Another goal of “10 feet”. The Heritage blocker, like the gloves, wasn’t drastic. The Optik blocker, however, was clearly ambitious and a labor of stupidity and pushing the boundaries of my artistic ability, of which I have none. I will likely redo the logo, but not anytime soon. I’ll call the Heritage blocker good from 2 feet and the Optik blocker good from 5 feet, although I’m likely being generous with the latter. The Optik blocker, as I have espoused elsewhere on this wonderful forum, is an incredible piece of gear. I have, in all seriousness, been credited with an assist due to how hot this blocker is. A good enough shot can turn into an outlet pass if the other team isn’t careful.



This was perhaps the most straight-forward part of the process. I did the least amount of research and decided that Siser Easyweed Heat Transfer Vinyl was likely the most correct product for the application. I say ‘most correct’ because time and abuse will truly determine whether this project was a success or ‘File Under: You can but should you?’ Anyhow, Siser’s HTV product is kinda incredible when you look at it: It’s essentially a film, it’s extremely flexible over a wide temperature range, and it comes in nearly every color you could desire. It has a heat-activated adhesive that is very strong, but you can remove it with patience and time. I purchase a roll of white, three rolls of black, and a roll of red. That was more than enough what I wanted to accomplish. I purchased these from Michael’s here in the States, but it appears to be available in many markets. Here’s a link for the product (zero affiliation): Siser HTV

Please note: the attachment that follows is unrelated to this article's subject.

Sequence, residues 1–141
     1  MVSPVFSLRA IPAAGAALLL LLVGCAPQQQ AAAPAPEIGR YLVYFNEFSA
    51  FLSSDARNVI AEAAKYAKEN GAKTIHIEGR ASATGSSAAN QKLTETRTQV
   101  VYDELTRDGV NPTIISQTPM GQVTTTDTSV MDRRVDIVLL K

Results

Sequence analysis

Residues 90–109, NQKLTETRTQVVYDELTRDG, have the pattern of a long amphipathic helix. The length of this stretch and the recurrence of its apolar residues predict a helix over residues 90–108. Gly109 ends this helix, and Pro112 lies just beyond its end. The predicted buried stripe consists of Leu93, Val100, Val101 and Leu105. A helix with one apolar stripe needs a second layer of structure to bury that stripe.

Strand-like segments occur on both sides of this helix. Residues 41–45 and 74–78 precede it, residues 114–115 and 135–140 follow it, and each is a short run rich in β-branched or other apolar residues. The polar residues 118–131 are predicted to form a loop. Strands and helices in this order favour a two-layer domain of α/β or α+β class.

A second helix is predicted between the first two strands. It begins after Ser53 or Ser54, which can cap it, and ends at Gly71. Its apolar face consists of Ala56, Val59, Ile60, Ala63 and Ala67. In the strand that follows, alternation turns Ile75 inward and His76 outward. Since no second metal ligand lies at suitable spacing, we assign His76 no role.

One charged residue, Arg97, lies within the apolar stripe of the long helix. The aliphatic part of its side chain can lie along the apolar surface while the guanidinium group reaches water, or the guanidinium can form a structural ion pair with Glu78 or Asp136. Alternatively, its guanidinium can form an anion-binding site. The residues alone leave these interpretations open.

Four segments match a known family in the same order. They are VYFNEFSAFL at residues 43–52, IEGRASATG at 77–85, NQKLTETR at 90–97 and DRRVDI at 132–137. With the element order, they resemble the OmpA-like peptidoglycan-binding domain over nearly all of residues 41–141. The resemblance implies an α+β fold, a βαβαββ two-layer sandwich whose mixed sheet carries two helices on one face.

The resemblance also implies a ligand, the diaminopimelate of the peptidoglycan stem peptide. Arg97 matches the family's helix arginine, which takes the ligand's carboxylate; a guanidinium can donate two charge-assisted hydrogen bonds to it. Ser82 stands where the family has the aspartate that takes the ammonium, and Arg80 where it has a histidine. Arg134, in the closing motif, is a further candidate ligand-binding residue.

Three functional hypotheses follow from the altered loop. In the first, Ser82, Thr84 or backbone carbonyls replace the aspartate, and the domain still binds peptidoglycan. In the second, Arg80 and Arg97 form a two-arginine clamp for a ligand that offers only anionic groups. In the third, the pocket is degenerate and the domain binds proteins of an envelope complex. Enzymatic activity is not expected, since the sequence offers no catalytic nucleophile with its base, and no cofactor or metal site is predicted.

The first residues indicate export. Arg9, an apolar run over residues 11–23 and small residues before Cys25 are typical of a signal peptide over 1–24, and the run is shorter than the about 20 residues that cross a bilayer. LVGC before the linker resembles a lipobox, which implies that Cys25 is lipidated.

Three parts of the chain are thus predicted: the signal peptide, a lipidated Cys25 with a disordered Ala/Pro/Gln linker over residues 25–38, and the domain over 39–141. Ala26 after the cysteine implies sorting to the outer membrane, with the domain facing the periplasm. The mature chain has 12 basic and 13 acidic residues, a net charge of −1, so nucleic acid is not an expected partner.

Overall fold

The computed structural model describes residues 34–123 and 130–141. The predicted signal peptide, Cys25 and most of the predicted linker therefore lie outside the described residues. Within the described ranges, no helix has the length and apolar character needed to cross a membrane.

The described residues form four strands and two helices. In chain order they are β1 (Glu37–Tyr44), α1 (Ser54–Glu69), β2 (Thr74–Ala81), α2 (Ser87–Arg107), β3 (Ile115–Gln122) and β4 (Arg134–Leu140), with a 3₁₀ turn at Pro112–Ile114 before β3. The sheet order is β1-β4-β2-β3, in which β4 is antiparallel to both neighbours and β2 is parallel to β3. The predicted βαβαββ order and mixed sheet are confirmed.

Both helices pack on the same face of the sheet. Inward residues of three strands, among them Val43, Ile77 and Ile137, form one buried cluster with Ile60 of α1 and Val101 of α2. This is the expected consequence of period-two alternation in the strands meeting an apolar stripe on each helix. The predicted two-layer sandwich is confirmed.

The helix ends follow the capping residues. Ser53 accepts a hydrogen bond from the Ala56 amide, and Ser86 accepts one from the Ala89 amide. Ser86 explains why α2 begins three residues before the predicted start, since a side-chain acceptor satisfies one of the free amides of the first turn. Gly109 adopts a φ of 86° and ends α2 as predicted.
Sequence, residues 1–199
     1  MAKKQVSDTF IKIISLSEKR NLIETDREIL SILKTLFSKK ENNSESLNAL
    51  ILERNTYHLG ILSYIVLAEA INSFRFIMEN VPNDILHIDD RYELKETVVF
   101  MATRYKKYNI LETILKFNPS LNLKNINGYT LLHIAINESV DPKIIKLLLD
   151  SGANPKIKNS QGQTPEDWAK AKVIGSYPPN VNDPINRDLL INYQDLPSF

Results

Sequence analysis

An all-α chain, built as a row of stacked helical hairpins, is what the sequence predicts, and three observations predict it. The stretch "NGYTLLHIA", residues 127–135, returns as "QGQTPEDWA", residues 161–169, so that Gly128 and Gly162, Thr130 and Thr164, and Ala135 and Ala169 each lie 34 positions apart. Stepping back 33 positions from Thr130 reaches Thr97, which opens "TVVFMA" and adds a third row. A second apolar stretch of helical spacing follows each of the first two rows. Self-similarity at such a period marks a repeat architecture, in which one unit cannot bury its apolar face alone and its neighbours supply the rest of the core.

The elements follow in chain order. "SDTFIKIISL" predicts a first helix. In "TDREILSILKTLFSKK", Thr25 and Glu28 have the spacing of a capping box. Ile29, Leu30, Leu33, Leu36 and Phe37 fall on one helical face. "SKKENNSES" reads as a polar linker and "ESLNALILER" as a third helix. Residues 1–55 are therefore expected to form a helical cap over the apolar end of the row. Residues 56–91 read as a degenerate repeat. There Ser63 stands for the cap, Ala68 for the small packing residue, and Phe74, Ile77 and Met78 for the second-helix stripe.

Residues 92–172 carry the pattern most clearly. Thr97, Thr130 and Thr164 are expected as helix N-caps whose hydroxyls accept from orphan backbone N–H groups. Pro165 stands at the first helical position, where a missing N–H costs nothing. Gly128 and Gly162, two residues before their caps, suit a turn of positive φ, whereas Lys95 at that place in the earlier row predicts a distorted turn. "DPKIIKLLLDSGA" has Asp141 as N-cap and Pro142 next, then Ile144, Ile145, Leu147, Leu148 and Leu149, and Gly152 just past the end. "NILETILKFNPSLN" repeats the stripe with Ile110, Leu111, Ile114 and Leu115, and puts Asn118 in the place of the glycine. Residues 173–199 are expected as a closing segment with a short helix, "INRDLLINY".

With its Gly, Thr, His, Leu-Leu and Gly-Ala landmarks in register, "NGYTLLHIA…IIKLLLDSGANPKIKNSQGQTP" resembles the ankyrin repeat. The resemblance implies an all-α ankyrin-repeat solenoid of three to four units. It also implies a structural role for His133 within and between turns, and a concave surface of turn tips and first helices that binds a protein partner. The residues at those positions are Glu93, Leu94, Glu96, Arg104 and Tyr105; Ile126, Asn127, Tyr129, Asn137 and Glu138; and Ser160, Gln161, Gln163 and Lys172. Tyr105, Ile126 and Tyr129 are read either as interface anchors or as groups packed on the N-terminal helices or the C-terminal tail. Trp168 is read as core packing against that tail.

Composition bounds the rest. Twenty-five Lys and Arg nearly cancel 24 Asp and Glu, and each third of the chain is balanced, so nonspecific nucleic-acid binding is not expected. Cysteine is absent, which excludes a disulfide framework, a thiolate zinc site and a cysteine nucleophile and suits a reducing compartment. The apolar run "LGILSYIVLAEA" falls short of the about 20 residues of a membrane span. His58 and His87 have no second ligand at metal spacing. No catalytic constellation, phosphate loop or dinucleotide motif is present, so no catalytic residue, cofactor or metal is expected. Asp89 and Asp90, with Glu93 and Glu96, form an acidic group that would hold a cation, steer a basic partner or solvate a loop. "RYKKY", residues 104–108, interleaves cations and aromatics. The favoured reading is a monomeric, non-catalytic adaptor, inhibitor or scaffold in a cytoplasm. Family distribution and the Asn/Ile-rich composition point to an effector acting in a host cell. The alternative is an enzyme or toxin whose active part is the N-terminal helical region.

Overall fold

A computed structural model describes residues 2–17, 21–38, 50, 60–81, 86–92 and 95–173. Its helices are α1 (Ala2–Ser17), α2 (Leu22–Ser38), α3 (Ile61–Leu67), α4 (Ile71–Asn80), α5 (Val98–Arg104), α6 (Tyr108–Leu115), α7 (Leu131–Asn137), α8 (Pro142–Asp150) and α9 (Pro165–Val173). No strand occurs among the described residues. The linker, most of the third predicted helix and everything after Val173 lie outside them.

Parchment Paper

This will act as a temporary barrier between the iron and the HTV. As I will outline, using this was not always required or necessary.



I have a $25 garment iron with multiple heat settings. It is entirely the wrong tool for the job, and it worked smashingly well. It’s really a rare experience where the wrong tool does everything you want it to do. If you don’t believe me, go and use Imperial tools on metric fasteners, then report back here about how happy you are with this decision. 


I used a small scissor and a single edge razor blade. No self-heal artist mat or any appropriate cutting surface. I could have done much, much better with upgrading these two items alone, but I didn’t. 


I began this project using a machinist’s ruler and a tailor's tape. I ended the project using neither. Do you see a theme, here?: I’m kinda wingin’ this whole thing. No excuses, but I spend my days at work and working on a house where I’m required to exhibit highly repeatable accuracy. I was not in the mood to give this project that much attention, and while I believe anything worth doing is worth doing right, I needed this to be much more of an artistic release… which is just a b.s. excuse for being lazy and inattentive.